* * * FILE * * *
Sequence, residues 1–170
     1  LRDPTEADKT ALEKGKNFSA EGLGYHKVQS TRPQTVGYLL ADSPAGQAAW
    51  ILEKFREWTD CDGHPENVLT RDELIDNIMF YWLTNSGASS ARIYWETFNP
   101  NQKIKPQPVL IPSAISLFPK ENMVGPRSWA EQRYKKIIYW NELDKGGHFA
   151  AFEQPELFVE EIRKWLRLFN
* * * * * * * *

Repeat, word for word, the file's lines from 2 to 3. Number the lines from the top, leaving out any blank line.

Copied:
     1  LRDPTEADKT ALEKGKNFSA EGLGYHKVQS TRPQTVGYLL ADSPAGQAAW
    51  ILEKFREWTD CDGHPENVLT RDELIDNIMF YWLTNSGASS ARIYWETFNP